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ava's avatar

Where does the saying, "Beauty is in the eye of the beholder" come from?

Asked by ava (977points) July 6th, 2008

Is it from a famous story (like in the bible) or by a famous philosopher, or does it have a great story behind it? I’m doing research for an article I’m writing and need to know the answer to this ASAP. Thanks for any help in advance… it would be greatly appreciated!

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1 Answer

shrubbery's avatar

Beauty is in the eye of the beholder

Meaning: Literal meaning

Origin: This saying first appeared in the 3rd century BC in Greek. It didn’t appear in its current form in print until the 19th century, but in the meantime there were various written forms that expressed much the same thought. In 1588, the English dramatist John Lyly, in his Euphues and his England, wrote:

”...as neere is Fancie to Beautie, as the pricke to the Rose, as the stalke to the rynde, as the earth to the roote.”

Shakespeare expressed a similar sentiment in Love’s Labours Lost, 1588:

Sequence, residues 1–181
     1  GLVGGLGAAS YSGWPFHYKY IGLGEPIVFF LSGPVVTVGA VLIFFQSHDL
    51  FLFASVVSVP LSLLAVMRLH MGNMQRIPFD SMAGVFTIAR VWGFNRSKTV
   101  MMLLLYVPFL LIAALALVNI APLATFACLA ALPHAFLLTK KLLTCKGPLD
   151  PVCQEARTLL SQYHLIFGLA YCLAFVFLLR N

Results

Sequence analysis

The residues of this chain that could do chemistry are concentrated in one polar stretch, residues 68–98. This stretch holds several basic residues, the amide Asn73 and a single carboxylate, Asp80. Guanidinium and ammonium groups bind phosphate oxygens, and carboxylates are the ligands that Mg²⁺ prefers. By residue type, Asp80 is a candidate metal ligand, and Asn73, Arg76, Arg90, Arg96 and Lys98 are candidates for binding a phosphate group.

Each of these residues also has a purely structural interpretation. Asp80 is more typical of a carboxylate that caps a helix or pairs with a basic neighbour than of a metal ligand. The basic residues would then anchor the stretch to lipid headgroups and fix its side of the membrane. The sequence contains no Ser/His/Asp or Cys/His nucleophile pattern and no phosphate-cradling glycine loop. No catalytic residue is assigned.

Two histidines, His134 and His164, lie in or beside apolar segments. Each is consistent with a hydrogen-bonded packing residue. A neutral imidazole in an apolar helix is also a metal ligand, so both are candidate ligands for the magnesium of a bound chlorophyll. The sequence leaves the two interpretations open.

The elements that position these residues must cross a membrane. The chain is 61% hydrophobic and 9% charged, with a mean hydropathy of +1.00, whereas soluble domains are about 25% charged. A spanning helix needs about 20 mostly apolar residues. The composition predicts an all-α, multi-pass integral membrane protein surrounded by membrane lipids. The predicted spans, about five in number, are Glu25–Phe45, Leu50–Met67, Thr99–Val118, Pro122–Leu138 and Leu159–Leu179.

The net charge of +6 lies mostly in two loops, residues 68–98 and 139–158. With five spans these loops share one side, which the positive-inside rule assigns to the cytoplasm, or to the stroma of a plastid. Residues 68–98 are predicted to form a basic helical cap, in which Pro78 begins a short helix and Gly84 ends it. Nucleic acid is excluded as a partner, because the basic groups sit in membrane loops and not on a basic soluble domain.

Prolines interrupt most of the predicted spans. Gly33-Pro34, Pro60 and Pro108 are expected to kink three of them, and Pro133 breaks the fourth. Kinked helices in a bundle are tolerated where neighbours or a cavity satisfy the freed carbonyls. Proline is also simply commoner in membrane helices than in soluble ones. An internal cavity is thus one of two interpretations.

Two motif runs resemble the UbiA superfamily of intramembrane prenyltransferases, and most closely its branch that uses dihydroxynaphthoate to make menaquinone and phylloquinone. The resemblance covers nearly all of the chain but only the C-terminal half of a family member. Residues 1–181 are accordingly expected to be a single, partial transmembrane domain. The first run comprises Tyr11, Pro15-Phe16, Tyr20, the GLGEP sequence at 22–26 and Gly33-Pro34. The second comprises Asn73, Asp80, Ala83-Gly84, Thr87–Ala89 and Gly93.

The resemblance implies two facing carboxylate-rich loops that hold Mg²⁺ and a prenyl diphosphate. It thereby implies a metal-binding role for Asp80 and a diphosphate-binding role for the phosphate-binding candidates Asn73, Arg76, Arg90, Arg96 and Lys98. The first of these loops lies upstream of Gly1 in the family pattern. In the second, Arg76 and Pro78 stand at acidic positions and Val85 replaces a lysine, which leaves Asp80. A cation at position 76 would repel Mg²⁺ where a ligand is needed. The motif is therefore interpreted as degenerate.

Good Lord Boyet, my beauty, though but mean,
Needs not the painted flourish of your praise:
Beauty is bought by judgement of the eye,
Not utter’d by base sale of chapmen’s tongues

Benjamin Franklin, in Poor Richard’s Almanack, 1741, wrote:

Beauty, like supreme dominion
Is but supported by opinion

David Hume’s Essays, Moral and Political, 1742, include:

“Beauty in things exists merely in the mind which contemplates them.”

The person who is widely credited with coining the saying in its current form is Margaret Wolfe Hungerford (née Hamilton), who wrote many books, often under the pseudonym of ‘The Duchess’. In Molly Bawn, 1878, there’s the line “Beauty is in the eye of the beholder”, which is the earliest citation of it that I can find in print.

http://www.phrases.org.uk/meanings/59100.html

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